Tuesday, January 8, 2013

Market photos

Market in Calca, Sunday Market - extra vendors, lots of people and dogs
Below: The quail egg lady in action - she boils eggs right there and
peels them so you can enjoy a quick snack.
We took home 6 eggs in the usual plastic bag - raw eggs - so we could have sunny side up fried eggs for supper. The yolks were the size of my thumbnail
And then there were the cheese tables. 
These here are unpasteurized local cheeses- artfully pressed and decorated.
Yolanda, the wonderful cheese lady who always had time for a chat and a smile in her eyes. I got my pasteurized (in the yellow wrap) local cheese from her, and some other treats for different occasions. We have an agreement that when I come down next time I will bring my husband (he agrees too)
A fruit and vegetable booth and ..... this is where I got some of the small cocoa bars which I brought home for Christmas gifts. For the price of five little bars a sixth was always slipped into the bag - I didn't think about this until I got back to my room and looked over my loot =-)
Picking up food, vegetables, fruits or treats at this market was always fun and lovely, and .... as ever when one goes to a market, be prepared for the urge to do impulse shopping, that is .... the nature of market going - one never knows when leaving home what might be available on this particular day.

Weaving with Apolonia

To start off the year 2013 what follows here is a lineup of photos from Peru of how we (Apolonia from Apulaya and I) proceeded when we started up my last weaving project about 10 days prior to my return to Canada.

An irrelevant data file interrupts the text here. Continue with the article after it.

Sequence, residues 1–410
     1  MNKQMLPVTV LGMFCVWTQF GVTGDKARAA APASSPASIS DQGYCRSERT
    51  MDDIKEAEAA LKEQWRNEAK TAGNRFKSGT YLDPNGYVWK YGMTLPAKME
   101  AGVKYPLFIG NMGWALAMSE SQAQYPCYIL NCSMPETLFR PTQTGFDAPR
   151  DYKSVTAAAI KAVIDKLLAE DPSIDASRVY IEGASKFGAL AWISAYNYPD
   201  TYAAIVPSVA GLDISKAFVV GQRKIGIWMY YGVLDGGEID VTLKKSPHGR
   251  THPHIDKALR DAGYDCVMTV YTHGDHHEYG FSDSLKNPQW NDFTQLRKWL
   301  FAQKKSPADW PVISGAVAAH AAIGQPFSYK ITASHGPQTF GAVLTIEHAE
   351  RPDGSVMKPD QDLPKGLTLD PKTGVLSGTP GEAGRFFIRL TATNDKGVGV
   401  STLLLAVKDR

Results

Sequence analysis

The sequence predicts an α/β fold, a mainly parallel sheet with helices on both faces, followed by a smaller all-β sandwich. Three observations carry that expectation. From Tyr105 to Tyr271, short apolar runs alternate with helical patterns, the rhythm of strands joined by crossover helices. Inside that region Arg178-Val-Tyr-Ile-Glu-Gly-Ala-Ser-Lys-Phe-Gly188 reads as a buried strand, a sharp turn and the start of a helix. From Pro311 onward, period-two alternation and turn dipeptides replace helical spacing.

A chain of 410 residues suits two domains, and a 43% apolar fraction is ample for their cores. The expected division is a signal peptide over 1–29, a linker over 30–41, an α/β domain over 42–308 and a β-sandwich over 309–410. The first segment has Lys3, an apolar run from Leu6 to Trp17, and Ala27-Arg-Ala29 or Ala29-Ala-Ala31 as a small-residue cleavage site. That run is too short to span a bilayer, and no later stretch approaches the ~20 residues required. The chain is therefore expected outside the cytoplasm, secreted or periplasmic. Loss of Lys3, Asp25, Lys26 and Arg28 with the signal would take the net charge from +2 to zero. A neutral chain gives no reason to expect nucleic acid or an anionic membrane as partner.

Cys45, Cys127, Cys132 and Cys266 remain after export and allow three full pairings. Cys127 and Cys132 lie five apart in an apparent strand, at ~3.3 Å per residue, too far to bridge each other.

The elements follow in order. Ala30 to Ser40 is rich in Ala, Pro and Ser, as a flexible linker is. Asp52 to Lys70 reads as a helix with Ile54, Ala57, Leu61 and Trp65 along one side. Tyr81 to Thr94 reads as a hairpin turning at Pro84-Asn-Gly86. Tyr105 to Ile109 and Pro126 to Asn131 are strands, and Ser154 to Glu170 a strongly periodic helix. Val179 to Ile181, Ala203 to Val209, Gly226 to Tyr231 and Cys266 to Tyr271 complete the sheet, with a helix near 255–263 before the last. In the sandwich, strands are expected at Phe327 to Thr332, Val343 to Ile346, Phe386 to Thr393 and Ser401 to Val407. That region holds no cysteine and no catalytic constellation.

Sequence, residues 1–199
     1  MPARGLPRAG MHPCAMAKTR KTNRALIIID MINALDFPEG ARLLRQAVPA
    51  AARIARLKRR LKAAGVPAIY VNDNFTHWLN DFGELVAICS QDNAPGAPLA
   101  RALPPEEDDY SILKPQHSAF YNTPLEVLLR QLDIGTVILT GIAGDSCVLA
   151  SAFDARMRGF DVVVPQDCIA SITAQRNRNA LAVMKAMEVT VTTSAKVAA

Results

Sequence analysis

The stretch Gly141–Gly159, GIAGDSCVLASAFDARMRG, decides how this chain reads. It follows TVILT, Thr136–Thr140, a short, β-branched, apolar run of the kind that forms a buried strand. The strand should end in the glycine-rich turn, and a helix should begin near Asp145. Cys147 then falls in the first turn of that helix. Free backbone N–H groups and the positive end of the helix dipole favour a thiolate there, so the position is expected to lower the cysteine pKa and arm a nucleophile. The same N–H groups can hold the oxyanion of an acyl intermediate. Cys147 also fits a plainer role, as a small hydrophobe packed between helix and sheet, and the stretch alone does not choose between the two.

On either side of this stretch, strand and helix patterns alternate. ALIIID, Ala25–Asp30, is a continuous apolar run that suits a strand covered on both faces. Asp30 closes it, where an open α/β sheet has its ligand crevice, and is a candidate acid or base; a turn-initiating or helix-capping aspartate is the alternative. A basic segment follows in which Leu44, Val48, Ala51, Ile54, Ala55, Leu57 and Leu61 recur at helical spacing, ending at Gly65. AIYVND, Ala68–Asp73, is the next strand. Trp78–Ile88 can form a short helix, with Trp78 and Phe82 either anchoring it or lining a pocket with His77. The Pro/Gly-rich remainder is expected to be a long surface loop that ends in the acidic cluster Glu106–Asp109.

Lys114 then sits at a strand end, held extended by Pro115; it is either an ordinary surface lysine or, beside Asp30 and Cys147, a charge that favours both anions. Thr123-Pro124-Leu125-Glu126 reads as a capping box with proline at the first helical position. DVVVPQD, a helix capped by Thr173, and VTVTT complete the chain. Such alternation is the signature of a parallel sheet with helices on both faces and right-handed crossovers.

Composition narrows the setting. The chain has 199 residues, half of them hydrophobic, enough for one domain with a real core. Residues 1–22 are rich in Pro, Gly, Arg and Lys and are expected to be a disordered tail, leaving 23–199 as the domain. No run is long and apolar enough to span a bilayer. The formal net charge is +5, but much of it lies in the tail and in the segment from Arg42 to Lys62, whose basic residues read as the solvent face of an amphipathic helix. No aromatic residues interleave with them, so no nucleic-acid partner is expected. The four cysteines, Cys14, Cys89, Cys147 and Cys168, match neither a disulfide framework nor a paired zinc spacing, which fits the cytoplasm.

It was a relaxing and yet very exciting time. I had spent the weekend putting extra twist into some of my naturally dyed yarns from Chinchero and I had played with my colour pencils, as well as thought about which of the patterns I had previously woven on narrow bands would be the ones to put together to attempt a wider piece of weaving.
Anais came to join us, she even gave me a hand for a few minutes rolling the balls of yarn back and forth. It is in her hands and mind, she has watched her grandmother prepare warps and weave so many times. She has not yet woven a band, but .... she will, sooooon!
The cross, so beautiful between the two sticks in the ground - the only back draw to making a warp like this is ... if you are not limber enough in your hips and legs you might get a bit sore and fidget a bit while you are working on getting it all together.
The sheep skins are lovely they keep the dampness and potential coolness off your butt and adds a bit of softness between your knees and Pachamama (Mother Earth) as you focus on the task at hand.
Fingers picking up/making string heddles - I was excited to be doing this particular piece because it was a wider warp and that meant incorporating a heddle stick = something which I hadn't worked with before  and thus.... a new challenge.
One would have thought that looping a string around every other warp thread would be 'easy' - and well, it is easy, but ... never the less it is also easy to accidentally pick up the 'wrong' warp end or get them twisted or.... there is ample ground for learning experiences which need a little bit of correction and thus an insightful repetition of the action just performed.
And the birds were singing and the dog(s) came around to help out and lend a paw!
Then the actual weaving began, one pick at a time, slowly meticulously and with absolute concentration.
The first little bit has been done - a zigzag river pattern on each side of the star - and progress was slow - the trick is to memorize the pattern and so it flows effortlessly from your fingertips (a real Andean weaver does this) I am as ever thankful that I had pen and paper, not to mention the colour pencils, for those were/are tools of need for me still - perhaps one day I will be able to have it all in my 'internal confuser' on top of my shoulders.
Happy New Year!
Wishing everyone lots of exciting and successful projects of all kinds for 2013.